Holmes is now in the same field of view of my camera as α Persei. I imaged them between bands of cloud that repeatedly came and went.

Image details: 16 cm F/2.5 Schmidt and Starlight Xpress MX916 CCD.

14 November 2007, Comet 17P/Holmes

19:46
15 Nov 2007
Mike Harlow, Newbourne
Another clear(ish) night - Holmes through binoculars was spectacular in the same field as α Persei. Below: a modestly stretched positive image and a very stretched negative image bring out the shape of the comet.

Image details: 16 cm F/2.5 Schmidt and Starlight Xpress MX916 CCD.

15 November 2007, Comet 17P/Holmes

15 November 2007, Comet 17P/Holmes

21:35
16 Nov 2007
Mike Harlow, Newbourne
The last Holmes image for some days due to the reappearance of the Moon and poor weather.

16 November 2007, Comet 17P/Holmes

19:42
29 Nov 2007
Mike Harlow, Newbourne
Holmes appears significantly fuzzier, and bigger, than when last imaged on 16 November.

29 November 2007, Comet 17P/Holmes

20:35
05 Dec 2007
Mike Harlow, Newbourne
Holmes continues to get bigger and fainter and is still well worth observing. I’m rapidly running out of space in my field of view so will have to start mosaicing pictures soon!

05 December 2007, Comet 17P/Holmes

19:53
07 Dec 2007
Mike Harlow, Newbourne
Despite windy conditions it was possible to image Holmes again. The comet continues to grow but appears to be developing a more typical comet shape deep inside the extended dust halo.

07 December 2007, Comet 17P/Holmes

11 Dec 2007
Mike Harlow, Newbourne
Holmes is in the vicinity of the well-known spiral galaxy NGC891.

11 December 2007, NGC891 in vicinity of Comet 17P/Holmes

21:09
12 Dec 2007
Mike Harlow, Newbourne
I managed to image Comet Holmes before patchy cloud rolled in from the sea. The comet is still easily visible to the naked eye from a dark site when overhead as it was when I took the image below. This could be the last image for a while, as the combination of cloudy weather, the reappearance of the Moon and a large tree(!) could make imaging difficult for the next few weeks.

Image details: 16 cm F/2.5 Schmidt camera with Starlight Xpress MX916 CCD, 9x30 second exposures from 21:09 to 21:25 UT. FoV 75x55 arcmin.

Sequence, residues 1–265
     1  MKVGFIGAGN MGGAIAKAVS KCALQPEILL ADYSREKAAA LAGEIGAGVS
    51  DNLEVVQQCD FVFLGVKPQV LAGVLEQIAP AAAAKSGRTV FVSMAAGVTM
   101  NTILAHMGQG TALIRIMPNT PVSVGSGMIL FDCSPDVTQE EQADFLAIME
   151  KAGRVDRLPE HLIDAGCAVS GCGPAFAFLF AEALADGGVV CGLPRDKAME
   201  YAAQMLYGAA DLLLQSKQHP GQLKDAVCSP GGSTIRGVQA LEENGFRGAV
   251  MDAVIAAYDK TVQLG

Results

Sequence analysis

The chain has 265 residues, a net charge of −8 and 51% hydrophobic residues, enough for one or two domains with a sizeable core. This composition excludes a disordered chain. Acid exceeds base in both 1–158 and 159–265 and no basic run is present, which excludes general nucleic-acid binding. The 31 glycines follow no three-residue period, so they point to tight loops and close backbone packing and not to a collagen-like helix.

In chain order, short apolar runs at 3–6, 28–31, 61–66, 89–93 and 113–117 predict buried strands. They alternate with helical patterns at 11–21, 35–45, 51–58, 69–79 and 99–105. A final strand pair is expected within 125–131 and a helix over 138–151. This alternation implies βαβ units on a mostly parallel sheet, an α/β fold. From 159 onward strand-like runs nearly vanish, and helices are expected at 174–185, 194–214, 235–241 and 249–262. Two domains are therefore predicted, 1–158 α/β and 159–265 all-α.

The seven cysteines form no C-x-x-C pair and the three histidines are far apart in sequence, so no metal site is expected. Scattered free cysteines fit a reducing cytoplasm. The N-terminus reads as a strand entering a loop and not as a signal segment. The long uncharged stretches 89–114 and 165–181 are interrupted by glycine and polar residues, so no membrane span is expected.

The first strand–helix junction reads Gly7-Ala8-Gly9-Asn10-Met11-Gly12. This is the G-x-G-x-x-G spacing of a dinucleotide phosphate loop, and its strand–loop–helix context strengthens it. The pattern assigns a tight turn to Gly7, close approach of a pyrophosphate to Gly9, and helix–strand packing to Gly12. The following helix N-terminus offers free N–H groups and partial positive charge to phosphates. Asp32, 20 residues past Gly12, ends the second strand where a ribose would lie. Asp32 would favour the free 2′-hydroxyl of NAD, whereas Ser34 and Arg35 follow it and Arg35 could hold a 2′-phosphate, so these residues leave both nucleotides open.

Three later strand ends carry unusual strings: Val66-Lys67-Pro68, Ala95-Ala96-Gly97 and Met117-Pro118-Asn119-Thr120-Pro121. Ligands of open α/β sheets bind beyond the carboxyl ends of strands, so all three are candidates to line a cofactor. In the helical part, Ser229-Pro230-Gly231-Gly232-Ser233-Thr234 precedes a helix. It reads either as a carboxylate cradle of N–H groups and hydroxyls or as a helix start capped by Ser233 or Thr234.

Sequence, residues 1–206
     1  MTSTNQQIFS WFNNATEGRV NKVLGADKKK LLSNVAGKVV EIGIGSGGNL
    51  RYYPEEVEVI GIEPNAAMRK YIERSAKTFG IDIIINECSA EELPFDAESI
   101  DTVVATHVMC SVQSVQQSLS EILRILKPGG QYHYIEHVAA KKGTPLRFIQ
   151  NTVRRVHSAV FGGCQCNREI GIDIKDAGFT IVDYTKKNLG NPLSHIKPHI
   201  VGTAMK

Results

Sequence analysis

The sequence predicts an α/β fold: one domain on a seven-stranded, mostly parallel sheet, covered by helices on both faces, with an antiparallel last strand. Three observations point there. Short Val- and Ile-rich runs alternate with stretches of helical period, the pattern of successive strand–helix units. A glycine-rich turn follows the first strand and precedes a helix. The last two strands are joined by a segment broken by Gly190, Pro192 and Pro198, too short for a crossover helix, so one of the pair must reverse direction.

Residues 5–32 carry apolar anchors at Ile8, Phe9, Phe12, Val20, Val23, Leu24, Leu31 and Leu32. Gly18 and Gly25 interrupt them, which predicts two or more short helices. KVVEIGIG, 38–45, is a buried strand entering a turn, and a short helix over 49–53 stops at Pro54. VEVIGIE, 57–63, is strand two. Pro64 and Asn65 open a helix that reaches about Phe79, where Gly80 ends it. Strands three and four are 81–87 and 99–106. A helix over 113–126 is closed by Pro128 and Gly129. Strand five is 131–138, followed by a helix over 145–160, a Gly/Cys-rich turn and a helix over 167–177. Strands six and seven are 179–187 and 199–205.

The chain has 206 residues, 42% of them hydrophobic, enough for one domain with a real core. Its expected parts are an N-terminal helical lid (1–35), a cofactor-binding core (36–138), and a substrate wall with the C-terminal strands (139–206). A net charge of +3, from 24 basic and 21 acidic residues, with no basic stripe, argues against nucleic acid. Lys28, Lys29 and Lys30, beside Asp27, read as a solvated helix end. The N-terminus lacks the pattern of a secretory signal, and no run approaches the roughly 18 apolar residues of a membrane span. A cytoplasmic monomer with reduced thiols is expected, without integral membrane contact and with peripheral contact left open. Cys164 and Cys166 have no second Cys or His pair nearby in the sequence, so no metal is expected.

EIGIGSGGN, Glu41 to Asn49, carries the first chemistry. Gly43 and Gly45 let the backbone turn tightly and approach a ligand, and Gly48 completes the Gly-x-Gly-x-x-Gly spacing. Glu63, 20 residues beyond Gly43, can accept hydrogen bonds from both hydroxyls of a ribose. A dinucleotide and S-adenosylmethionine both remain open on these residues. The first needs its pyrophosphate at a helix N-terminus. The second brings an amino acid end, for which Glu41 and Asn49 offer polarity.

12 December 2007, Comet 17P/Holmes

19:55
27 Jan 2008
Mike Harlow, Newbourne
My first look at Comet Holmes in 2008! It is now very large and very diffuse so the image only covers the central region. There was no time for a mosaic as patchy cloud kept rolling in to spoil the view. Several faint galaxies are visible in the image, IC292, IC309 and IC294 are between 14th and 15th magnitude. The fuzzy patches towards the middle of the image are probably ghost images as no galaxies are catalogued in that area.

Image details: 16 cm F/2.5 Schmidt camera with Starlight Xpress MX916 CCD, 6x30 second exposures from 19:51 to 19:58 UT. FoV 75x55 arcmin. North up.

27 January 2008, Comet 17P/Holmes

20:10
04 Feb 2008
Mike Harlow, Newbourne
Holmes now has a very low surface brightness. I couldn’t see it with the naked eye or through the 100 mm finder but I wasn’t properly dark adapted at the time. The leading edge is still reasonably well defined but the rest of the comet is very diffuse. Holmes forms a line across the sky with comet C2008 C1 (Chen-Gao) near M52 in western Cassiopeia and comet 29P/Schwassmann-Wachmann south of M37. The objects are in order of increasing distance from Earth too: Chen-Gao (the faintest!) at 1.47 AU, Holmes at 2.5 AU and SW1 at 5.3 AU.

Image details: 16 cm F/2.5 Schmidt camera with Starlight Xpress MX916 CCD, 29x30 second exposures from 19:04 to 19:23 UT. FoV 72x55 arcmin. North up.

04 February 2008, Comet 17P/Holmes

20:10
26 Feb 2008
Mike Harlow, Newbourne
Holmes is still visible but the outer halo is now far too big and faint for me to image with my equipment and only the inner region is shown in the image below. While I was out I thought I would also image a well known deep sky object which I hadn't attempted before: IC434, the Horsehead Nebula.

Image details: 16 cm F/2.5 Schmidt camera with Starlight Xpress MX916 CCD, 26x30 second exposures from 20:04 to 20:18 UT. FoV 75x55 arcmin. North up.

26 February 2008, Comet 17P/Holmes


James Appleton